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Question of the Day
Administration opposes release of Nixon testimony
Thirty-six years after Richard Nixon testified to a grand jury about the Watergate break-in that drove him from office, a federal judge on Friday ordered the secret transcript made public.
But the 297 pages of testimony won’t be available immediately, because the government gets time to decide whether to appeal.
The Obama administration opposed the transcript’s release, chiefly to protect the privacy of people discussed during the ex-president’s testimony who are still alive.
Nevertheless, U.S. District Judge Royce Lamberth agreed with historians who sued for release of the documents that the historical significance outweighs arguments for secrecy, because the investigations are long over and Nixon has been dead 17 years.
Nixon was interviewed behind closed doors near his California home for 11 hours over two days in June 1975, 10 months after resigning the presidency. Two grand jurors were flown in, and the transcript was read to the rest of the panel sitting back in Washington. It was the first time a former U.S. president testified before a grand jury. Bill Clinton became the first sitting president to do so during the Monica Lewinsky investigation.
At the time of his testimony, Nixon could not be prosecuted for conduct related to Watergate because he had been pardoned by President Ford. Ten days after Nixon testified, the grand jury was dismissed without making any indictments based on what he told them.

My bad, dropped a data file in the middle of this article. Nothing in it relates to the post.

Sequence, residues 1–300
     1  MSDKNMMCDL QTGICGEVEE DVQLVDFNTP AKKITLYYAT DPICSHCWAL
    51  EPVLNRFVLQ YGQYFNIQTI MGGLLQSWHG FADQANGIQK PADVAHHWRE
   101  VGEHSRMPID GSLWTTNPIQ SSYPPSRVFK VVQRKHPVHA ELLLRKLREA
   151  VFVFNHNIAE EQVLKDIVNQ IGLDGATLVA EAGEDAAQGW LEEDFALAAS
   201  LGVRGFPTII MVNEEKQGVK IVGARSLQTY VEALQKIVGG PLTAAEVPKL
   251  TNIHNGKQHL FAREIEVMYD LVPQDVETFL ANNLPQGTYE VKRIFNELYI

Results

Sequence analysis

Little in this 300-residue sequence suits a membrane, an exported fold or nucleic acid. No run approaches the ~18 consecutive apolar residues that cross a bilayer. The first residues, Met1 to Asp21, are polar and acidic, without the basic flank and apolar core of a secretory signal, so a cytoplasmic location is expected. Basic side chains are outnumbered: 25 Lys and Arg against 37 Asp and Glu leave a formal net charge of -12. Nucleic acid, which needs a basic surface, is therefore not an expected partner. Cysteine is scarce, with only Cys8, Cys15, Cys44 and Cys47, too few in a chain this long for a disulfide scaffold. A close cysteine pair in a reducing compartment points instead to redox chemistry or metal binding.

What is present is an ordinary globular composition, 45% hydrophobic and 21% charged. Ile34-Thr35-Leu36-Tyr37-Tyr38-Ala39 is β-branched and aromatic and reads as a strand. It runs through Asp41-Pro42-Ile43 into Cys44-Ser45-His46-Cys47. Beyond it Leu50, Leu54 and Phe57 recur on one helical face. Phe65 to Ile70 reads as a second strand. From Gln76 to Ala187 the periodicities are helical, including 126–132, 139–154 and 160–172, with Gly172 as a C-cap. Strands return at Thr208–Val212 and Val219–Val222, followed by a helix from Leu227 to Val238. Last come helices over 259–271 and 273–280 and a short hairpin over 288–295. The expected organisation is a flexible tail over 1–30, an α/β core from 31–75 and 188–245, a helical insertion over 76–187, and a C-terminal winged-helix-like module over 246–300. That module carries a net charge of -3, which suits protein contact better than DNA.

Commission draws lines that strengthen Democrats’ grip
SACRAMENTO — A citizens commission established by voters to independently create California’s legislative and congressional districts delivered its first set of maps Friday, voting to adopt new boundaries that appear to give majority Democrats even more power in the nation’s most populous state.
The 14-member California Citizens Redistricting Commission approved final draft versions of district maps for Congress, the state Assembly and Senate, and the state Board of Equalization, which administers sales and use taxes.
Even before the vote, the drafts were being heavily scrutinized by political parties, communities and minority groups because they will be used in state elections for the next decade, helping shape California’s congressional delegation, the nation’s largest, and the composition of the 120-member state Legislature.
Redistricting experts said the new maps are likely to reduce the influence of Republicans even further.
Democrats are hoping the redrawn districts will allow them to achieve the two-thirds majority needed in the Legislature to pass tax increases, while the number of Republicans California sends to Congress — now 19 — could be reduced.
By Matt Kibbe
The short-term deal will assure long-term overspending
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